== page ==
TORONTO – Canada started phasing out its penny, the nuisance coins that clutter dressers and cost more than their one-cent value to produce.
The Royal Canadian Mint on Monday officially ended its distribution of pennies to financial institutions. Canadian Finance Minister Jim Flaherty announced last year they were a nuisance and have outlived their purpose.
While people may still use pennies, the government has issued guidelines urging store owners to start rounding prices to the nearest nickel for cash transactions. Electronic purchases will still be billed to the nearest cent.
The government has said the cost of the penny exceeds its monetary value. Production is $11 million a year. The coins, which feature two maple leaves and Queen Elizabeth II in profile, will remain legal tender until they eventually disappear from circulation.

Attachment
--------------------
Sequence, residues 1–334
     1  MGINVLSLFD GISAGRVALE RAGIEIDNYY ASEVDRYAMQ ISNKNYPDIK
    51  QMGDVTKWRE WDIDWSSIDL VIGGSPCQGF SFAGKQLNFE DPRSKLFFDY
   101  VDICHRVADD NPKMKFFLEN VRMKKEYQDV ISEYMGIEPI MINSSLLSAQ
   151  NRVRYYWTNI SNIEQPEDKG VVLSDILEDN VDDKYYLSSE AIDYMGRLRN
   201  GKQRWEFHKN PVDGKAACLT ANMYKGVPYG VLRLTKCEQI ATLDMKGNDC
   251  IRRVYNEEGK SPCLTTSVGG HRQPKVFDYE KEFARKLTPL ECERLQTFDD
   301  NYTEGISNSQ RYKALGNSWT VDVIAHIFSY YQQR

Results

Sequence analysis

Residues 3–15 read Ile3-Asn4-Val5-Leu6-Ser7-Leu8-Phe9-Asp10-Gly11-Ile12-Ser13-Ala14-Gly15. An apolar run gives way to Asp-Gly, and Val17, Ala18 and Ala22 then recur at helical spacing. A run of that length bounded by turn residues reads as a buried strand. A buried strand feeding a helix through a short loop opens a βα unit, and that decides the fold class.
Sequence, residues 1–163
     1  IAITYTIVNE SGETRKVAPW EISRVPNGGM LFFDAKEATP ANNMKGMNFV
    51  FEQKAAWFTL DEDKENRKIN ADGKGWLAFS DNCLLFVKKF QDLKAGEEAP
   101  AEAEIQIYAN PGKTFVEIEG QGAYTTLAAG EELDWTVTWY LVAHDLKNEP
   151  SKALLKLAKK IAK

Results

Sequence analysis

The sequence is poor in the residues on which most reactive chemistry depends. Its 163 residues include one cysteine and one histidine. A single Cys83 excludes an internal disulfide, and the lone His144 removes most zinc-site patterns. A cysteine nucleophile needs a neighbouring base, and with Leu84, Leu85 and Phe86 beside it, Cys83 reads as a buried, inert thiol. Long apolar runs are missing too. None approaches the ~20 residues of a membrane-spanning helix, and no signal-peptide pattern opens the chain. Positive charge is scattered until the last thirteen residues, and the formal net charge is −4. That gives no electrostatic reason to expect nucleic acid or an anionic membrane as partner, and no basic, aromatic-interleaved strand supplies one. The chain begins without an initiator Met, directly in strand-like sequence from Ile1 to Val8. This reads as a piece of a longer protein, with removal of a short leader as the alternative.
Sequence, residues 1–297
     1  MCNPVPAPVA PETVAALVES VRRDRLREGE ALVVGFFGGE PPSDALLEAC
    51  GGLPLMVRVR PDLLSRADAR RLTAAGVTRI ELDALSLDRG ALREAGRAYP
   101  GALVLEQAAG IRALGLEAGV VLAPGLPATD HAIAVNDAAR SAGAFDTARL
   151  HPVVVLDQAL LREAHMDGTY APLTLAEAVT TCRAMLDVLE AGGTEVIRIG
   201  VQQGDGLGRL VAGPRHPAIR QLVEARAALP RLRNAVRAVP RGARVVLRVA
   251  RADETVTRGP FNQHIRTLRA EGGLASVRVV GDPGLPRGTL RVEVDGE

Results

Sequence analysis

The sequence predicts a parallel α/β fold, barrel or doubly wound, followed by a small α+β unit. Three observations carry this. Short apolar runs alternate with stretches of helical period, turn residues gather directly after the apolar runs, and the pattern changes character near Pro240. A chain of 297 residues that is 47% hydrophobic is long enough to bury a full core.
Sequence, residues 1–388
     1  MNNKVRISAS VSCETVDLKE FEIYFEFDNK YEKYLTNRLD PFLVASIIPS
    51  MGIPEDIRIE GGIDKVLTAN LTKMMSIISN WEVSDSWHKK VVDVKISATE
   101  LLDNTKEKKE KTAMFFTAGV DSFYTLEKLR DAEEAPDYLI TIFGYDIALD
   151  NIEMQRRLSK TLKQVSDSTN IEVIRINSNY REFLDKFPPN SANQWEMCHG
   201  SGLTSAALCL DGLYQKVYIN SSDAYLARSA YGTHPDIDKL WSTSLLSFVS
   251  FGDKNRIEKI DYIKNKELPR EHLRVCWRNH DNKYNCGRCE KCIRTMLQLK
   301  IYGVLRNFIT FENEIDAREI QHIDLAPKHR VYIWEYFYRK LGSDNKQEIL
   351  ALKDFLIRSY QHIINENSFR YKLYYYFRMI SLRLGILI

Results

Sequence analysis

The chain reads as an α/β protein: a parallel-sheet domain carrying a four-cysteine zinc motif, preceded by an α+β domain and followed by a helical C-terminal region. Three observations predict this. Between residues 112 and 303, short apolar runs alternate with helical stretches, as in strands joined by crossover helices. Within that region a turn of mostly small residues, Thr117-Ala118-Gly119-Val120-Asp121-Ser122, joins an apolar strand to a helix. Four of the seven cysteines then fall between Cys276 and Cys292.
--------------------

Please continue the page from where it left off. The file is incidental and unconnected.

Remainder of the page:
New Zealand, Australia, the Netherlands, Norway, Finland, Sweden and others have also dropped the penny.
The U.S. Treasury Department has said the Obama administration has looked at possibly using cheaper materials to make the penny, which is now made of zinc.
Two bills calling for the end of the U.S. penny, introduced in 2002 and 2006 by Republican Rep. Jim Kolbe, failed to advance in the House of Representatives.
The U.S. zinc lobby has been a major opponent to suggestions that the penny be eliminated.